If and when journalists read the best analysis to date of the second part of special counsel Robert Mueller’s report, they’ll be in for a shock.
Part one of the report, though heavily redacted, has a simple conclusion that continues to reverberate through American politics: There was no conspiracy between President Donald Trump, any member of his family or campaign staff, indeed between the Russian government and any American. Having come up empty on conspiracy charges - against anyone - the Mueller report turned to a series of accounts that can be summarized as “The president did these things, and they might be obstruction of justice.” (It is indeed possible to violate prohibitions on obstruction of justice without an underlying crime. While rare, such cases do exist.)
Enter Harvard Law professor Jack Goldsmith, widely regarded as a leading expert - perhaps the leading expert working today - on national security law. Formerly the assistant attorney general for the Office of Legal Counsel (where the Justice Department’s brightest minds gather), Goldsmith now teaches at Harvard and writes for the website Lawfare, which he co-founded.
Two weeks ago, Goldsmith issued an assessment of the second part of the special counsel’s report; on Thursday, he posted a follow-up to that assessment. In both pieces, with logic and detail, Goldsmith destroys claims of obstruction of justice by those unwilling to come to grips with the fact that the Mueller investigation is over. His analysis is tough, slogging through statutes, opinions and high principles of constitutional law, but at the end of the second essay, Goldsmith bluntly concludes that “the talented lawyers in the special counsel’s office … include at the center of the legal analysis in Volume II a transparently weak argument - so weak that it has no defenders.”
Now the baton is passed from Mueller to Attorney General William Barr, and Barr is interested in much more important matters than the strained obstruction of justice theories of 19 frustrated prosecutors who, along with a vast staff of experts, worked mightily to find grounds on which to apply the obstruction-of-justice statute to the president’s actions. They could not. Rather than simply admit defeat, they concocted - as Goldsmith shows - an absurd theory, that, despite its shakiness, has traveled far and wide and has now yielded new “cover-up” talking points to the president’s opponents.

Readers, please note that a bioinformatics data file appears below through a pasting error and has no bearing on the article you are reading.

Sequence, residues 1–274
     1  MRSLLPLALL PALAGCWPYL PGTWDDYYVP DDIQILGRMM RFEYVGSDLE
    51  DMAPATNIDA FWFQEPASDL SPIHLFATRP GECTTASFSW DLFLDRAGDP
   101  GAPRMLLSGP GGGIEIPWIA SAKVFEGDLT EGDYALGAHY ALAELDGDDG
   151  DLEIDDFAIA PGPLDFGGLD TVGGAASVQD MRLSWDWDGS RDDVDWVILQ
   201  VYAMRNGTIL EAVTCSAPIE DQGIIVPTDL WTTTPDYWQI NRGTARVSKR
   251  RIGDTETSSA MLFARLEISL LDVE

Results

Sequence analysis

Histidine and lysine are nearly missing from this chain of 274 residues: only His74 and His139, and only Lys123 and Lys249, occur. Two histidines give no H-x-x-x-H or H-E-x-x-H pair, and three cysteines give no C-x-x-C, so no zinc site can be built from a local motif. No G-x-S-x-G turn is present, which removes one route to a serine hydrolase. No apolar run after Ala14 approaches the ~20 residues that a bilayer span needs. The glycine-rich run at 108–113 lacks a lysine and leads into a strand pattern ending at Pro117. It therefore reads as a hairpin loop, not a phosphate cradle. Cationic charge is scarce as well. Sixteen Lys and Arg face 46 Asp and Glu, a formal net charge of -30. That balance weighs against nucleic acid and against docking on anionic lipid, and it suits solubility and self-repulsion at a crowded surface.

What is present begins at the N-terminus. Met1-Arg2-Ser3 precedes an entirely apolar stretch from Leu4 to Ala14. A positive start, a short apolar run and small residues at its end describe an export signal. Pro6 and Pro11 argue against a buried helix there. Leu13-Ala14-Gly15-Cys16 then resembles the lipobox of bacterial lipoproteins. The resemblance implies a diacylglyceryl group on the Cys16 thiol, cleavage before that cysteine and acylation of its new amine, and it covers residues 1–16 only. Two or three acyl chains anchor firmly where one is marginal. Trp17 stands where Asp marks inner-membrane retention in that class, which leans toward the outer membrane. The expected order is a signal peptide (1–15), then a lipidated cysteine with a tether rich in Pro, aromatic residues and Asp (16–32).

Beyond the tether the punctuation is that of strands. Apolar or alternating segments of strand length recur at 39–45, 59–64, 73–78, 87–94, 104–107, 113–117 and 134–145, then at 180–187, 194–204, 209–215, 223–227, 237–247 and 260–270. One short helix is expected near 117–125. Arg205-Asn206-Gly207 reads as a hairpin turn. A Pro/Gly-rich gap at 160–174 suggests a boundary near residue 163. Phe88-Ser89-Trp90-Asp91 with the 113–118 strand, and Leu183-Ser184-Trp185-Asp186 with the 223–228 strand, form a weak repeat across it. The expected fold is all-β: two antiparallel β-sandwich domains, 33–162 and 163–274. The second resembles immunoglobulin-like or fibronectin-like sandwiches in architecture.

Talking points, but not a formal impeachment proceeding. Why not? Because it is a doomed undertaking, and House Speaker Nancy Pelosi, D-Calif., knows that to focus on it would also bring focus to “Spygate” - the ongoing investigation into the possible abuses of power by a handful of senior FBI officials and possibly others in the intelligence community and the Obama administration. The attorney general has been open that an inquiry into the sketchy behaviors of the election season and transition period is underway. Barr had not said more than that spying on the Trump campaign occurred, and he did not say whether there was justification (a “predicate”) or not. He doesn’t know. He has tasked a senior, respected prosecutor, John Durham, the U.S. attorney for the District of Connecticut, with collecting the record and analyzing it.
Which, of course, means that, if crimes were committed, the criminals are sweating. It means they are “lawyering up.” It means the media is assembling its best and brightest to focus exclusively on what would be the scandal of the century. Oh, wait: That last part doesn’t appear to be the case. There are stories about what Barr has said and done, but not yet reports from any crack teams of wildly ambitious journalists of the sort that helped crack open Watergate and other scandals. There just doesn’t seem to be much enthusiasm for “Spygate.”
If Durham finds wrongdoing, it will be impossible for media elites to ignore. Wait and see, of course - the same advice I gave to Trump supporters and opponents alike through the long months of the Mueller investigation. Now that it is over, the same patience must be extended to Barr and Durham. And their work deserves as much attention as Mueller’s received, because there might be a crime - or a few crimes - there. We shall see.
Hugh Hewitt is a columnist with The Washington Post.